Pushkar, as a city is regarded as the holiest city – no meat, no alcohol, no eggs, and no PDX and so based on the first three constraints we had a feeling we would not be hanging around Pushkar long but we had so many good things about the city too that makes people hang around for a long time too.

Leaving Jaisalmer, an Argentinean chick named Maria joined us and when we finally arrived in Pushkar we were taken to a pretty decent guesthouse that our driver knew off. The owner came out in the usual friendly manor and insisted if there was anything to do to make our stay comfortable he would, Neil asked for beer and chicken as a joke but to his and everyone else’s surprise his prayers were to be answered the following day.

The following morning after brunch, Neil and I ended up playing Cricket with the guys from the restaurant. Would have been good fun, had it not been for the heat and the fact there was only 5 of us playing! Rest of that afternoon just wandered around Pushkar, avoiding the many rip off priests trying to take you down to the lake to do a little religious ceremony in return for a little string they tie on your wrist (referred in LP as The Pushkar Passport), we wise to the scam and so I used some bracelets that kids in Cambodia had made for me as my passport. We still got the odd priest trying to con us, but wasn’t going to work on us.

That evening, as promised by Mukesh we all dined and drank by the pool in our guesthouse, and he even put on a campfire for us. Pushkar was going to be the end of the road trip with the Aussies, Neil and I were off to Ranthonbore, which has a National Park, which is famous for Tiger Safari.

Arriving in Ranthonbore, I was on a pretty tight schedule as I had committed to meet my sister in Kerala only a few days after and I still had to visit Agra, Delhi and Amritsar. My schedule was put into disarray, as soon as we arrived in Ranthonbore. Our plan was to do a safari the following morning and move on to Agra, but all the jeeps the morning we wanted to go were booked up by Margaret Beckett (a British MP) and we would have to go the following morning. To kill the time we had, we were told about another Fort in Rajasthan, which isn’t that touristy or well maintained. So armed with two cold Kingfisher beers, we head off to the fort.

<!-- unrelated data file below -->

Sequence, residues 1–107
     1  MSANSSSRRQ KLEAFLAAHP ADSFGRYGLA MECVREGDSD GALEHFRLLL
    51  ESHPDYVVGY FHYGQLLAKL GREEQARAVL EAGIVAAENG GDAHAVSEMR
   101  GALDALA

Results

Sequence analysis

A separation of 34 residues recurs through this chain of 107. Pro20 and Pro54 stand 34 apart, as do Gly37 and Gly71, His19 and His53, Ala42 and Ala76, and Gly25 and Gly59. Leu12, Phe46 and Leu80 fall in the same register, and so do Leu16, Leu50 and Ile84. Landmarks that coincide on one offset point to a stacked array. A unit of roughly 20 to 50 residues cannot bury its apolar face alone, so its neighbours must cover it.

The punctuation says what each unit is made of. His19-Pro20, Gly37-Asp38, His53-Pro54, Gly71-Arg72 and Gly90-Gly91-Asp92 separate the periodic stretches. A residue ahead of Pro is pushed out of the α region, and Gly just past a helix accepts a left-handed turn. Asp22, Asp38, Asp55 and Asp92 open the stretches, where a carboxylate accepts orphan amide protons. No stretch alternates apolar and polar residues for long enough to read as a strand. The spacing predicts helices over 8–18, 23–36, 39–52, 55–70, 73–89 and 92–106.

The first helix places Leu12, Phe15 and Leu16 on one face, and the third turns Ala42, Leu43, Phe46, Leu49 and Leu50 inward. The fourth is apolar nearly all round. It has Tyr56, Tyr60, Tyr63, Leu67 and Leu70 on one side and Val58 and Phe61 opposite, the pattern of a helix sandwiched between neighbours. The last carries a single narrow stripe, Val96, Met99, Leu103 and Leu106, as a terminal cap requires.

On arrival the fort amazed us, more monkeys than tourists and is set in the middle of the dense Ranthonbore jungle, and surrounded by some majestic mountains. We spent an hour or so heading up to top of the fort, and found a fantastic ruined part of the fort which was over looking the lake – perfect spot for a cold beer and the peace and quite was bliss. We decided to do some exploring within the fort and soon found ourselves off the beaten track and walking along the edge of the fort, which had lots of monkeys scrambling around. To keep them moving out of our path, Neil would throw the odd stone in their direction. In most cases this worked, but we soon stopped in our tracks one stubborn monkey stood his ground and growled back at us, waving his limbs in an aggressive manor – I didn’t hang around long enough to make friends or take a picture, I was gone before Neil turned around to say “don’t run!”